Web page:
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    Andrew and Lars, Thanks for the information. I had assumed a slow death of the transistors from heat, but a slow death from voltage spikes can also occur as can fatally quick ones.
    Does anyone here know how high the voltage spikes can be with the battery disconnected while the engine is running on the Dino? I am aware that modern alternator diodes are actually zener diodes and clamp the voltage to 30V or so if left unregulated, and that some voltage regulators absolutely require the battery to be connected for them to function. Thanks, Fred

     
  21. DinoLasse

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    Well, I can try...

    Yes, alternators are much more foolproof now, and they limit themselves to safe voltage levels even without a load. But that is under steady-state conditions. That is not the problem here. Instead, the damage is done by the very short high voltage spikes generated when you interrupt a high current through an inductive load - without providing a discharge path. This could happen for example when you disconnect the battery while the alternator is charging it. Something very similar could happen when you disconnect the starting battery during a jump start.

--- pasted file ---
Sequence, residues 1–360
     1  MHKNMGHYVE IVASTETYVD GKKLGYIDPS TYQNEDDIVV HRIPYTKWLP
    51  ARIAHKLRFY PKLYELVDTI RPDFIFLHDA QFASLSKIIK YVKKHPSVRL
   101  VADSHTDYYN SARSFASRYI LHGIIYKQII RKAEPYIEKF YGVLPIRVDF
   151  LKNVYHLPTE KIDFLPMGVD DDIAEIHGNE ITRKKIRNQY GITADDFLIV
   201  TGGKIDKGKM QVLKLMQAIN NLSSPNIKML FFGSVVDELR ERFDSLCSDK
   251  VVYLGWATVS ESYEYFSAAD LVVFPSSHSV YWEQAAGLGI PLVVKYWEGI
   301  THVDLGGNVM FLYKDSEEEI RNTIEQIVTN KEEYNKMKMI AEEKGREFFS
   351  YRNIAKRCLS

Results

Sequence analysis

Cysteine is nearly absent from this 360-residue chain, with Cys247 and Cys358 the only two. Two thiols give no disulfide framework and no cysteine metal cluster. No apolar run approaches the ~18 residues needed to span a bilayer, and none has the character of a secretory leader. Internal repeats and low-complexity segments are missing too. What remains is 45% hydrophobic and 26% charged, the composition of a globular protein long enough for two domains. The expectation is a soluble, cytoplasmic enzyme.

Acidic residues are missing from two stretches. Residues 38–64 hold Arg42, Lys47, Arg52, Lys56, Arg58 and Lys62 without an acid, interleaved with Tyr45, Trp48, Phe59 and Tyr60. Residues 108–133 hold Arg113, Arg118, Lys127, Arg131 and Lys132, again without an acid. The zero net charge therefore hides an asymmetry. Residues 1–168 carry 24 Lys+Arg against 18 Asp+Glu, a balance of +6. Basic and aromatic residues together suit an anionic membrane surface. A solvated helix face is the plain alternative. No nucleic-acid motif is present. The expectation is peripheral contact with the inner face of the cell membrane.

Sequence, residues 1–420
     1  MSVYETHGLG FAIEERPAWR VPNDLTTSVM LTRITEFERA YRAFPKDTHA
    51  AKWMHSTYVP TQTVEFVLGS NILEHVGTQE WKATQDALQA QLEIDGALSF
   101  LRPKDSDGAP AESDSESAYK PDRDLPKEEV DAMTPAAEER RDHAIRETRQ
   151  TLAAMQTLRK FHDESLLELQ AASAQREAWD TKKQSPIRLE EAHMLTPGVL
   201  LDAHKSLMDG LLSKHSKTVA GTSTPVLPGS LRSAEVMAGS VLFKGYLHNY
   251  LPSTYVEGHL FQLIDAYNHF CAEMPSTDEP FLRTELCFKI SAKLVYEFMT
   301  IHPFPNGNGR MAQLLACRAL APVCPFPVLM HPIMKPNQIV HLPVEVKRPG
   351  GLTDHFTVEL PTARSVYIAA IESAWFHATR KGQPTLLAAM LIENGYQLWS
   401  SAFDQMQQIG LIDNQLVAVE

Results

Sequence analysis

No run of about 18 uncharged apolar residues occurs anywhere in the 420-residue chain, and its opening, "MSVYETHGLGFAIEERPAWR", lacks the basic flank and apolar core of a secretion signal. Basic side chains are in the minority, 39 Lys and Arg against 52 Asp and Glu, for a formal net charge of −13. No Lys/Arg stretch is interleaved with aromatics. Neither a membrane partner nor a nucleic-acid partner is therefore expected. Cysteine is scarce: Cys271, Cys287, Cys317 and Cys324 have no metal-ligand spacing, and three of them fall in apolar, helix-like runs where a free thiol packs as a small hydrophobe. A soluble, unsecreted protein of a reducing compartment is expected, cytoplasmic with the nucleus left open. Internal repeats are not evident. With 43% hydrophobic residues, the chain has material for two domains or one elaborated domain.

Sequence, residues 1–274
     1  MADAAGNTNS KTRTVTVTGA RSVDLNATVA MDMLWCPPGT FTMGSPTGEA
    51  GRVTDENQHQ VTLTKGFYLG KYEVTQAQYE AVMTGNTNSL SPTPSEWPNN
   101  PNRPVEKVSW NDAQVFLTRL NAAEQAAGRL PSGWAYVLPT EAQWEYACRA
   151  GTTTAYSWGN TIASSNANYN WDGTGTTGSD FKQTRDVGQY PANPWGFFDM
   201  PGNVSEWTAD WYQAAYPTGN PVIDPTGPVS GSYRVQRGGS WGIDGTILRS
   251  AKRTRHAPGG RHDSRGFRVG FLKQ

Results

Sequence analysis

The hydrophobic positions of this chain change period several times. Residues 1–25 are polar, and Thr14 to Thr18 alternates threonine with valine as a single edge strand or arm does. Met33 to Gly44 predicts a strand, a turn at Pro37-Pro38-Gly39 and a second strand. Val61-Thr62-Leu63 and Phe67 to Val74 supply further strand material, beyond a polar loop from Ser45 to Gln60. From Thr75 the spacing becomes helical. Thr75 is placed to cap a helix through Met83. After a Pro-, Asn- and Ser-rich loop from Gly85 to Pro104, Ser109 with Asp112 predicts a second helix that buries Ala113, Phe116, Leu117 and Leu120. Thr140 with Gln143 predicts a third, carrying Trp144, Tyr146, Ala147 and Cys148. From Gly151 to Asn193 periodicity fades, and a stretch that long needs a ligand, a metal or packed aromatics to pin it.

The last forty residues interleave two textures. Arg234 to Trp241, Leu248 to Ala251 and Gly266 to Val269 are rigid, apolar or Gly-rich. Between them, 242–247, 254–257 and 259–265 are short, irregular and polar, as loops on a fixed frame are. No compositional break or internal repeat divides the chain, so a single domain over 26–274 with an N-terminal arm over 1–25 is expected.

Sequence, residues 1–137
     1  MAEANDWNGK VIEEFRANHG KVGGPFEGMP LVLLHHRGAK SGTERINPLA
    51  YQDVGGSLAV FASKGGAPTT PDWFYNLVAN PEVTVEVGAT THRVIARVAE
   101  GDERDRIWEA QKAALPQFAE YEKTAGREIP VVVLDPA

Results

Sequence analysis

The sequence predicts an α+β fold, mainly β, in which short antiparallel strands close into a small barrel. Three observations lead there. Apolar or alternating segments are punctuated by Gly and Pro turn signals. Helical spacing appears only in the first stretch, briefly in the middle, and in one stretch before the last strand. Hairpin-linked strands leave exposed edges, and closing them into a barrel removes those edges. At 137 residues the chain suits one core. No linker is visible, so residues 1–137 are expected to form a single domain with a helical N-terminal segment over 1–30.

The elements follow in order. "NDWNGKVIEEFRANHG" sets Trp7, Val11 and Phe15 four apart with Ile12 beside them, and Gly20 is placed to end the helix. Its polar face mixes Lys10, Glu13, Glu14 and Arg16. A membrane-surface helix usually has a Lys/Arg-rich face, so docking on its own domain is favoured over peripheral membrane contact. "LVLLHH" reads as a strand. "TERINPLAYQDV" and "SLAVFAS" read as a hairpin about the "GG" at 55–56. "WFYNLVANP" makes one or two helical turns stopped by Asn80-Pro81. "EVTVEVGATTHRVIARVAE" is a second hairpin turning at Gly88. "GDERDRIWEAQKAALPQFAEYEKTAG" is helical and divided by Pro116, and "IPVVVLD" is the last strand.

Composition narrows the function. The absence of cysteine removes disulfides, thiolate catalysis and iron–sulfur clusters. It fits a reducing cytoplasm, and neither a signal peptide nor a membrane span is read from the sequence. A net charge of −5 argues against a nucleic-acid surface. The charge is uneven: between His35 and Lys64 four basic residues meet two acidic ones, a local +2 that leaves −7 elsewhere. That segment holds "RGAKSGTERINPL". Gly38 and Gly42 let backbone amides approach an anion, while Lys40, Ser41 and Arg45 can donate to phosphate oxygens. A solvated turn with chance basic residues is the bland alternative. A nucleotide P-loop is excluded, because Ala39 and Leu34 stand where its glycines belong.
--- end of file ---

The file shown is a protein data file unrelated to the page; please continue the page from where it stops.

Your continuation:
The violent voltage spike created by the magnetic field in the alternator coils will fly right through the forward biased diodes out on the 12V feed. I do not believe that the Dino alternator is equipped with zener diodes - or anything else to stop such voltage spikes. I could be wrong of course, but it just seems unlikely. (Any alternator rebuilder out there who could verify?)

    But even if you never disconnect the battery and never jump start the car, you will always have some of those high voltage spikes in the system. They are just part of life in automotive electrics, particularly in vintage cars. In the Dino, for example, spikes are generated each time you release the starter solenoid with the ignition key (no discharge path, no freewheeling diode!). So the best way to deal with this problem is to make sure that anything connected to the 12V system can handle the voltage spikes. And that includes the Dinoplex.

    Lars
     
  22. Fred Winterburn

    Fred Winterburn Karting

    Jan 27, 2015